艾青 (1910 - 1996)
Ai Qing (1910 - 1996)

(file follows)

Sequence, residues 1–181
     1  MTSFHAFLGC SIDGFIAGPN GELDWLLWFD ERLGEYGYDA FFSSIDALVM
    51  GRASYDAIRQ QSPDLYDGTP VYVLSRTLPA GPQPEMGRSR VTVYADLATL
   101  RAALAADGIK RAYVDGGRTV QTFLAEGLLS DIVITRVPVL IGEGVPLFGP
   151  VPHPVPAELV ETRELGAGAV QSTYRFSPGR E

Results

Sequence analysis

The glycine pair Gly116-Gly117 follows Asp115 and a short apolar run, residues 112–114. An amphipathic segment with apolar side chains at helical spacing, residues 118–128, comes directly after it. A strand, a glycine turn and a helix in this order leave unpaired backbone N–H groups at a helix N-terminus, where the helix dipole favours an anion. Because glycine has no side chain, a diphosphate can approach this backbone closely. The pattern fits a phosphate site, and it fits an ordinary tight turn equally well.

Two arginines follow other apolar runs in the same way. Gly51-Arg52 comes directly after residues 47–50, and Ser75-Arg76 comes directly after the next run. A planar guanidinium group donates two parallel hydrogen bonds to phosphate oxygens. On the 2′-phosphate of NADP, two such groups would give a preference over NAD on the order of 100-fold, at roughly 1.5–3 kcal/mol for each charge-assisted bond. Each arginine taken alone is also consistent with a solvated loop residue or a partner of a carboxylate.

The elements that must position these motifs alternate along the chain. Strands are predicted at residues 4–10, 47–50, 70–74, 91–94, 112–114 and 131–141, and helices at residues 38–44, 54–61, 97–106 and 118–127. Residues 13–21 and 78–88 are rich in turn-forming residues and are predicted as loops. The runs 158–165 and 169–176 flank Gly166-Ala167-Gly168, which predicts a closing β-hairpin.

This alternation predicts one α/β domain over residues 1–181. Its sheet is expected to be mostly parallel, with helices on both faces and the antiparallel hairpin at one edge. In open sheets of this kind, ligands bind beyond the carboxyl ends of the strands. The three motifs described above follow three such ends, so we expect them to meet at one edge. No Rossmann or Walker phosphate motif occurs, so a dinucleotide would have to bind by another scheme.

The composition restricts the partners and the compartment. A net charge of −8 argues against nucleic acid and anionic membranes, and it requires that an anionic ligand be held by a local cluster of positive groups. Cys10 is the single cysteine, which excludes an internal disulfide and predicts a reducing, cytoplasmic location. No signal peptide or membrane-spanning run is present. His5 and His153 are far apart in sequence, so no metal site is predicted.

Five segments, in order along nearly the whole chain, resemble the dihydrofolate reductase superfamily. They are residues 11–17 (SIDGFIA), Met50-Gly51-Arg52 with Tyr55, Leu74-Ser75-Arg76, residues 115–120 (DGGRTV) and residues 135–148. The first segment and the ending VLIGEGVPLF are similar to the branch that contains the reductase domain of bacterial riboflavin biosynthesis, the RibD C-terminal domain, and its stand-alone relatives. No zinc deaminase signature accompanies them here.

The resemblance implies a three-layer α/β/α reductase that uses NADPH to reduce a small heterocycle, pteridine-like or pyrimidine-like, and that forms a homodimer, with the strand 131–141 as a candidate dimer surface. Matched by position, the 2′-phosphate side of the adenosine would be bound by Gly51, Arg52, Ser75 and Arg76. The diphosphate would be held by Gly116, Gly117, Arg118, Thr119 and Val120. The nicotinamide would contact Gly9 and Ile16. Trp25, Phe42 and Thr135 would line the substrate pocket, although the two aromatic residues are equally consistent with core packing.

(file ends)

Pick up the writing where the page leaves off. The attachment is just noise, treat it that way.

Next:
Born in Jinhua, Zhejiang province. Originally named Jiang Haicheng; pseudonyms include E Jia, Ke A, and Lin Bi. He studied at West Lake Art College in Hangzhou in 1928, and went on to France on a work-study programme in the year after. In 1932, he joined the Union of Chinese Left-Wing Artists and engaged in revolutionary literary and art activities. He was soon arrested by the authorities. He started writing poetry during his stay in the prison, and became well-known with the publishing of the poem “Ode to Dayanhe – My Wet Nurse”. He was set free in 1935. In 1936, he published his first collection of poems under the title Dayanhe – My Wet Nurse, in which he gave full expression to a poet’s deep love for his motherland. After the outbreak of the War of Resistance against Japan, he entered the Anti-Japanese and National Salvation Movement. In 1941, he left for Yan’an to take up the post as editor-in-chief of Poetry Magazine. After 1949, he worked as the associate editor for People’s Literature. In 1957, he was wrongly denounced as a rightist and was sent down for reformation in labour camps in regions around Heilongjiang and Xinjiang provinces. He remained silent for two decades. In 1979, he was fully reinstated. In the years that followed he worked in a number of capacities including the vice-chairman of the Chinese Writers’ Association and the vice-president of the China PEN Centre, and made visits to many countries across the Asian, American and European continents. Apart from Dayanhe – My Wet Nurse, he published poetry collections including The North, Facing the Sun and Songs of Return, and a collection of critical essays on poetry, including On Poetry and Ai Qing on Poetry.